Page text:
In November 2016, new army Chief General Qamar Javed Bajwa took command of the army. He was not from the inner core of outgoing Chief and hence not in the loop of many crucial decisions. In such a case, new Chief needs to learn fast to ascertain details of ongoing projects. He is more mallow in character and was initially inclined to continue this working relationship with civilians. Two hawkish senior officers were superseded when he was elevated therefore he had a good start where he could bring two newly promoted officers to the table. In the beginning, he shuffled the deck removing some senior officers from inner core and sidelining them. This relieved some pressure but the number of hawks clearly outnumbered the doves and in the end institutional pressure forced him to change the course.
The popularity graph of Nawaz Sharif government rapidly declined in the last 2-3 years due to poor governance and allegations of corruption at all levels. Clearing of North Waziristan, winding down of large scale combat operations and marked reduction of violence gave confidence to officer corps. The most common phrase that I heard from number of officers was that ‘it is a total different army. It has gone through cauldron of fire, given enormous sacrifices and officer corps especially mid-level officers will not allow business as usual by civilians’.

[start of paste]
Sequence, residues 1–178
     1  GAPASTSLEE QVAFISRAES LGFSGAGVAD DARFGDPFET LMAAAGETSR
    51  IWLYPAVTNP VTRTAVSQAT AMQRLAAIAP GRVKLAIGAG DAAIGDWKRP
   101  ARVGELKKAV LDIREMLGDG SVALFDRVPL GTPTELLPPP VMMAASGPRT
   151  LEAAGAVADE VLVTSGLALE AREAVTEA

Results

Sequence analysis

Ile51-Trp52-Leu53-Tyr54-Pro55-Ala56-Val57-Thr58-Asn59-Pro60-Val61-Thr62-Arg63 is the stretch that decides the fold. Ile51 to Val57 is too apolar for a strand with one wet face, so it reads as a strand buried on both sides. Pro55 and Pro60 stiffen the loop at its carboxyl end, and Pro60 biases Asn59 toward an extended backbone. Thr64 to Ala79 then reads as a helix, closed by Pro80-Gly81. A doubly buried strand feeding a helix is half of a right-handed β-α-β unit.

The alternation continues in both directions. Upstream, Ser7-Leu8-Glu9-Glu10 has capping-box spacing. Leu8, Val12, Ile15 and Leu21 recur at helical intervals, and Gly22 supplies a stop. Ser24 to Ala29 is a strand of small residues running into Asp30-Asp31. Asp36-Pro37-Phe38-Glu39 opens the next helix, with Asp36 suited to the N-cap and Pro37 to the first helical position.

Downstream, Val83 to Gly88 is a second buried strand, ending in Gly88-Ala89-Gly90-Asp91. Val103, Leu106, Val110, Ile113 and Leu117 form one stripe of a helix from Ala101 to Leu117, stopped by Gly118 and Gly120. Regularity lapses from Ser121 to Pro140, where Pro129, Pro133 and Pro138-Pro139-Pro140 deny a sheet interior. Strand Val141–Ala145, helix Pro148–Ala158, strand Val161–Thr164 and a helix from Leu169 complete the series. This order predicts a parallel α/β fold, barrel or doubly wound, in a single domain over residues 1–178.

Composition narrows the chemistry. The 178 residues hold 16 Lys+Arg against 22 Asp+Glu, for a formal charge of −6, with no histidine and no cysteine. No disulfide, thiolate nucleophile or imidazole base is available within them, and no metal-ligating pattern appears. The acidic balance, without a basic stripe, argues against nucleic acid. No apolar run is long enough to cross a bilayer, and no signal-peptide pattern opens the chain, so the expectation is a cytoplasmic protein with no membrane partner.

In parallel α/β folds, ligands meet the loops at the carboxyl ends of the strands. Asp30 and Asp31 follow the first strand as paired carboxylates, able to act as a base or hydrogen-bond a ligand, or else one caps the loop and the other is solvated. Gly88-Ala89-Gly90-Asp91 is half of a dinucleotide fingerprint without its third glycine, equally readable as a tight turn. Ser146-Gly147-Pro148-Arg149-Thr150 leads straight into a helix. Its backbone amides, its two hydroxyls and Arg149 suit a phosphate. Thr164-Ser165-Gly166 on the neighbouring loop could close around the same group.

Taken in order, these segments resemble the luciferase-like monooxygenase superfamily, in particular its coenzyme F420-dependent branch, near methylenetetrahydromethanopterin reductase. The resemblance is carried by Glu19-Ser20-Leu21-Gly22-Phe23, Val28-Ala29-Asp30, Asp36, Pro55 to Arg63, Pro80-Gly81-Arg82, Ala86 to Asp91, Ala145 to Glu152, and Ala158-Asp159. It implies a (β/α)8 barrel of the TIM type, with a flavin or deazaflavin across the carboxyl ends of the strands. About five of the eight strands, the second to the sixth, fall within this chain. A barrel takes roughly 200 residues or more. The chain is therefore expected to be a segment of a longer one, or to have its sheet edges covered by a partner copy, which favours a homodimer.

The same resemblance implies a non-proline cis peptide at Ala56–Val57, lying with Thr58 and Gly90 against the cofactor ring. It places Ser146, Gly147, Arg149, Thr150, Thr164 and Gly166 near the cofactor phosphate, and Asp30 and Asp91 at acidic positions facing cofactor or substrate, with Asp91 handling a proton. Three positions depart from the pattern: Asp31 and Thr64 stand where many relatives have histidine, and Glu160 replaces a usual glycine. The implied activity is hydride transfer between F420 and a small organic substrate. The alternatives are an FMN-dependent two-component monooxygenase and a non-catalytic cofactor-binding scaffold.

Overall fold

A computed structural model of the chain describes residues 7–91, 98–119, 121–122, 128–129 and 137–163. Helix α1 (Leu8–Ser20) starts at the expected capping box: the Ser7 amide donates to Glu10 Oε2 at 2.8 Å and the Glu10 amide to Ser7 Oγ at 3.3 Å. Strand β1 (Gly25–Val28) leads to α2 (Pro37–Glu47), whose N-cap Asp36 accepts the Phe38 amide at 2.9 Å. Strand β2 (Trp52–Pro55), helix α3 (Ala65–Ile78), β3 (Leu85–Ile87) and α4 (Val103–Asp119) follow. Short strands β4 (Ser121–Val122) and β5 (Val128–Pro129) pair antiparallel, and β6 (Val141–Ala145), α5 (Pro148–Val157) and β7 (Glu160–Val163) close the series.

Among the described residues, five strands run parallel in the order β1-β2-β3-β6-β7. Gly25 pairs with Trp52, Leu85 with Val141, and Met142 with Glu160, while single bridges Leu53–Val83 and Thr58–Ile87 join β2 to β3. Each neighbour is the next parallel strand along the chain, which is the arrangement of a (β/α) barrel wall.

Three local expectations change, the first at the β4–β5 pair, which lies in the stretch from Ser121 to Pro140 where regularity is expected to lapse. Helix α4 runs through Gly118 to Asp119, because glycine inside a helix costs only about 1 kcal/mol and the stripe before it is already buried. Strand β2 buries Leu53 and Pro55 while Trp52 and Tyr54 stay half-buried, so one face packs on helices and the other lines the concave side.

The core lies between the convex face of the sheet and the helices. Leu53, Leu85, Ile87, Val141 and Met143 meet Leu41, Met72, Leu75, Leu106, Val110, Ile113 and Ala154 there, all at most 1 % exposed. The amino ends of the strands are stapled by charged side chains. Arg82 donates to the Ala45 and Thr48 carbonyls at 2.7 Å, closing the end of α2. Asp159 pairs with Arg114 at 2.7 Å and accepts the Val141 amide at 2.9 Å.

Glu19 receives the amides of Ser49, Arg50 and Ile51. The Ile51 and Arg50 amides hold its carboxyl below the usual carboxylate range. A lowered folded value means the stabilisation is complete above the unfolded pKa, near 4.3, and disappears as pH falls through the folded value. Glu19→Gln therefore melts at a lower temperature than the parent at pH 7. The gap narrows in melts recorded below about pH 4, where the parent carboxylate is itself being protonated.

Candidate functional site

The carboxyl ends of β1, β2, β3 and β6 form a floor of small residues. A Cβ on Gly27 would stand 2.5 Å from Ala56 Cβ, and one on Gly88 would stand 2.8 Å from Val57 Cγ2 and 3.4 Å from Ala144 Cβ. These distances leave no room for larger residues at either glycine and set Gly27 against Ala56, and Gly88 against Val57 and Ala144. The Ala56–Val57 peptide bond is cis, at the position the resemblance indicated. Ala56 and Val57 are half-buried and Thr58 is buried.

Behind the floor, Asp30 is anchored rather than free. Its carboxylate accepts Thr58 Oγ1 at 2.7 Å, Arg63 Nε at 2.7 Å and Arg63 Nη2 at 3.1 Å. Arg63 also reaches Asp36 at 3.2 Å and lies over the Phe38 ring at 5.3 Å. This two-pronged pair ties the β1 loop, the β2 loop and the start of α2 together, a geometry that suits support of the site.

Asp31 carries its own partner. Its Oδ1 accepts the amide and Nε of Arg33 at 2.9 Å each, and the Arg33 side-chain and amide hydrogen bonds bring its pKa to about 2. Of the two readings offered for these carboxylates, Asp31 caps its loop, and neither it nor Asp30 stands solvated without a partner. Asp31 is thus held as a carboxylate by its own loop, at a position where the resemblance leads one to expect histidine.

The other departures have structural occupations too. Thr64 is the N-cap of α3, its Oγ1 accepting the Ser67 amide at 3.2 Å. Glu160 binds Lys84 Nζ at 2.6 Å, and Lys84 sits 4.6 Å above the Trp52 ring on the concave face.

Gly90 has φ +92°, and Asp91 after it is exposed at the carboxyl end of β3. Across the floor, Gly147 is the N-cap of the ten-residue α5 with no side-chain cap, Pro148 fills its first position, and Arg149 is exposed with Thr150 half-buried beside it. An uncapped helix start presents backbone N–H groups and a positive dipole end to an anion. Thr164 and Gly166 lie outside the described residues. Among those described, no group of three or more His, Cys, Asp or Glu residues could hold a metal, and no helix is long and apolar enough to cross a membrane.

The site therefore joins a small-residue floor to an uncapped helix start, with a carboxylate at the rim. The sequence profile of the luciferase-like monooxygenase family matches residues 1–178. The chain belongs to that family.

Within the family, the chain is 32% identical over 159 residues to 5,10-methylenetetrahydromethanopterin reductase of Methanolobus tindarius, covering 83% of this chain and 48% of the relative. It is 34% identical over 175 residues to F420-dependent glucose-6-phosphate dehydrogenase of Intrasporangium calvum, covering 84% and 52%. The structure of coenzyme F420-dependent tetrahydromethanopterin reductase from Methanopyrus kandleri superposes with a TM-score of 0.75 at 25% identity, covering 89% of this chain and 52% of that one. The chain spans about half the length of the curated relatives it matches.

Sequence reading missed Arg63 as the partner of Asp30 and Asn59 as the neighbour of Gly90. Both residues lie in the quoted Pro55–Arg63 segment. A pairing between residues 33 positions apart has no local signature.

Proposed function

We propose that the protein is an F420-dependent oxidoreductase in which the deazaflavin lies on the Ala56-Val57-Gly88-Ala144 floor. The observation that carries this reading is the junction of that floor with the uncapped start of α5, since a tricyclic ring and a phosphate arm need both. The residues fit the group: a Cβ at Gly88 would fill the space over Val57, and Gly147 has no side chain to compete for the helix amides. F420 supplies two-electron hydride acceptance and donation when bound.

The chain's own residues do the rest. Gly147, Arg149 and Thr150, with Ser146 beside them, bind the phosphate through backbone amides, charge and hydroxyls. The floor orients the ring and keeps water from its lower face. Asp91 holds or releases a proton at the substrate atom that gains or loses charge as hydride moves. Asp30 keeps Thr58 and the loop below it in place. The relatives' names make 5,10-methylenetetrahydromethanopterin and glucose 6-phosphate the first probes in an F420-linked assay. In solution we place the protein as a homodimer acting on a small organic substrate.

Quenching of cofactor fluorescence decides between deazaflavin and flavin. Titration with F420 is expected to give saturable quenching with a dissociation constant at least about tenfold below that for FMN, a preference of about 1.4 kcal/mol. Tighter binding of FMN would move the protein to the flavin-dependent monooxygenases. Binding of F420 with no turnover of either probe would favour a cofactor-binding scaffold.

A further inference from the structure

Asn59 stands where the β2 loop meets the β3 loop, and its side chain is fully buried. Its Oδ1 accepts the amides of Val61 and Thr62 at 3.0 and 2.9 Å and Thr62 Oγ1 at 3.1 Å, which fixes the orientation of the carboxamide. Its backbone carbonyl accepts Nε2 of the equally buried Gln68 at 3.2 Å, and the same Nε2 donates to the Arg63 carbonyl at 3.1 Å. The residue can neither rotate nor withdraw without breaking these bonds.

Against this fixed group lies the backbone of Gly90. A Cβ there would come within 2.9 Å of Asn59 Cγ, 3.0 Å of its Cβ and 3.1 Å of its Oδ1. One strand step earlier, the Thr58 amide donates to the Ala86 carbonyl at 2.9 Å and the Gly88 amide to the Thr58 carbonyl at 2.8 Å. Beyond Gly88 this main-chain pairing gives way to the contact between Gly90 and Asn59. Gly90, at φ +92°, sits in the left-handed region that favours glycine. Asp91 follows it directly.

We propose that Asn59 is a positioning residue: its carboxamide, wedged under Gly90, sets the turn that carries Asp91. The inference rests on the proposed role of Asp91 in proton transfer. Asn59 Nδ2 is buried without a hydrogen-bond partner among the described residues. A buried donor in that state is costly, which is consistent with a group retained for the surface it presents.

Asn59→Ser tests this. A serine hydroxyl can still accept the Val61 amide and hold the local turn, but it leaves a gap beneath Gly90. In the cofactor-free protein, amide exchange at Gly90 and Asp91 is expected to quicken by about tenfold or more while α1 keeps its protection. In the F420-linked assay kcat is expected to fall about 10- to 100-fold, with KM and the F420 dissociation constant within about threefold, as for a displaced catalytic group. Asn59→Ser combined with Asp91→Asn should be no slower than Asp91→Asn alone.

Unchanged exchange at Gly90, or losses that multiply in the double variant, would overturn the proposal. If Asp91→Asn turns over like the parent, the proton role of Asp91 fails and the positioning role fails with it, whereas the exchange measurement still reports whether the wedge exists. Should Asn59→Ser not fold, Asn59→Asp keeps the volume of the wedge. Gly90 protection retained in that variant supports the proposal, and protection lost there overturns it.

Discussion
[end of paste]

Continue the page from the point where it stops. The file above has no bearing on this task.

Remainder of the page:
The institutional pressure in army comes from three different avenues. First, if the number of senior officers taking a certain position is significant enough then it puts limits on Chief as he cannot sideline six or eight senior officers in a brief period. Junior officers expressing their views in Durbars and groups of retired officers forming WhatsApp groups and advocating tightening the leash on civilians are other avenues. In case of Bajwa, institutional pressure from all three avenues resulted in current showdown.
Officers blame civilians for dragging them into internal affairs. They claim that after thoroughly making a mess of the job, civilians then ask army to pull their chestnuts from fire. Majority of officer’s loath civilian leaders including Nawaz Sharif. In their mind, Sharif is already guilty of all crimes. Now that direct military control is not an option, then they concluded that to get rid of him if any political maneuvering in necessary, there is no harm in it. The problem is that to achieve this objective, they must work with some other unsavory political actors. They justify holding their noses temporarily by suggesting that they will take care of others in due course. This is perfectly in line with military thinking where you open only one front at a time and avoid entangling on multiple fronts. The result is the farce currently unfolding on Pakistan’s political horizon. This time, heavy fire against civilian leadership is coming from activist courts. We will only know the details when a disgruntled retired judge or a superseded retired army officer will enlighten us in due course what was done in the name of that old wretched ‘national interest’.
Acknowledgement: Author thanks dozens of officers of different ranks for candidly sharing their views. All errors, omissions and conclusions are author’s sole responsibility.
May 24, 2018